Community Research and Development Information Service - CORDIS

Final Report Summary - METFOAM (MULTI-PHYSICAL STRUCTURES THROUGH THE USE OF METALLIC FOAM SANDWICH PANELS)

METFOAM project investigated porous metals, which resemble a metallic sponge or a metallic bone structure. Metallic foam has air bubbles, making it an ultralight material, yet, with mechanical strength comparable to concrete due to hard cell walls.

METFOAM researchers discovered that porous metallic plates with steel surface sheets are an order of magnitude stronger than conventional thin steel plates (with equal weight). Metallic foam components can change the way we build bridges by eliminating welded stiffeners, which produce stress concentrations and contribute to fatigue cracks over time. Metallic foam sandwich panels could also enable new wind turbine towers by removing the need for the welded stiffener plates.

On the research front, our goal was to understand the material features such that we could develop simulation models. Computational tools for modeling and failure prediction of prototype components will benefit from our fracture material model and characterization of the material variability. We employed simulations and analytical prediction to search for the most promising applications. We identified high-bending rigidity and stability of the panels as one promising area. To verify computational and analytical predictions, we loaded metallic foam sandwich panels in compression to investigate their actual load carrying capacity. We also tested steel plates (with the same weight) to enable the comparison with conventional thin walled steel members. The tests have demonstrated that panels were an order of magnitude stronger than steel plates. These findings are relevant to the engineering community and could enable a new generation of more durable infrastructure. Such outcomes contribute to the effectiveness of our transportation infrastructure and help our interconnected society and economies within the European Union.

METFOAM project also investigated multiphysical properties of metallic foams. We tested the mechanical performance of steel and aluminum foams under elevated temperatures to differentiate metallic foam from cheaper polymeric alternatives. We found that steel foam retains significant strength up to 500C.

While studying the multiphysical features, METFOAM researchers discovered a metallic foam ceramic composite, which combines the hardness of ceramics with the deformability of metals. The developed metallic foam ceramic composite could not be cut with a power drill, waterjet or angle grinder (with disc cutter). In the same time, the composite had compressive ductility and ability to absorb shocks from impacts, unlike hard but brittle ceramics alone. The project created a non-cuttable material. The developed metallic foam ceramic composite was impenetrable to an angle grinder, power drill, and waterjet.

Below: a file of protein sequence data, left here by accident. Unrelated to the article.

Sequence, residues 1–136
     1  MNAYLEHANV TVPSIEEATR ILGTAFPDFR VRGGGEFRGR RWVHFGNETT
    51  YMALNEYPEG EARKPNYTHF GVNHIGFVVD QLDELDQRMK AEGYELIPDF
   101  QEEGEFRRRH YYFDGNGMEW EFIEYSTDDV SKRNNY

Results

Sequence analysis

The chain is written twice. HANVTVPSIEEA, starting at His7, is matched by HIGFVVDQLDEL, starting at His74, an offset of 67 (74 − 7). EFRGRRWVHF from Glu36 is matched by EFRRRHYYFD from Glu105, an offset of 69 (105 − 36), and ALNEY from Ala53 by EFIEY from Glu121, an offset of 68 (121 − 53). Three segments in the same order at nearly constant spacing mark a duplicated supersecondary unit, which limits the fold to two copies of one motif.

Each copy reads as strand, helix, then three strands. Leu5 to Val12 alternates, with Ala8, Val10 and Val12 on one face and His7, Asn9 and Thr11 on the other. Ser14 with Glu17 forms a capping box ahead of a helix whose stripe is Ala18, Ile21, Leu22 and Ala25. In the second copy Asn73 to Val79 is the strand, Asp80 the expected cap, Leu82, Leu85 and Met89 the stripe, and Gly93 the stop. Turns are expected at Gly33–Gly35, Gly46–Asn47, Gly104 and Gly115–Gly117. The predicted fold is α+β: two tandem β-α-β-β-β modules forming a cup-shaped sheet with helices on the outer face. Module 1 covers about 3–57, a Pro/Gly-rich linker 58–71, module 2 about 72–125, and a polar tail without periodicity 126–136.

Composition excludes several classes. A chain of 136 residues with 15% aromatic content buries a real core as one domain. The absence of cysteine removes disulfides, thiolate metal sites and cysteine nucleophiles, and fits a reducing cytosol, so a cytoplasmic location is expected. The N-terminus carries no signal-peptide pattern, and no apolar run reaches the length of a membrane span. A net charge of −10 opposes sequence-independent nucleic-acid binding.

The novel metallic foam ceramic composite could enable a new generation of safe vaults, security boxes, security doors, or hard barriers for the protection of places of cultural and material value. The results could contribute to secure society goals by increasing physical resilience of the critical infrastructure against forcible entry and violent attacks.

The project also helped the research staff involved in the project professionally. Marie Curie Career Reintegration Grant supports academics who reintegrate in Europe after several years at overseas institutions. The principal investigator of the grant returned to Europe after seven years of carrying out research at American universities and industry. The support of Marie Curie, people-oriented action of the European Commission allowed the principal investigators to secure a permanent position at the University of Surrey in the United Kingdom and to establish a base for research on cellular and architected materials. Further details on the project and development of the researchers involved in the project can be found at www.szyniszewski.com

Related information

Reported by

UNIVERSITY OF SURREY
United Kingdom

Subjects

Life Sciences
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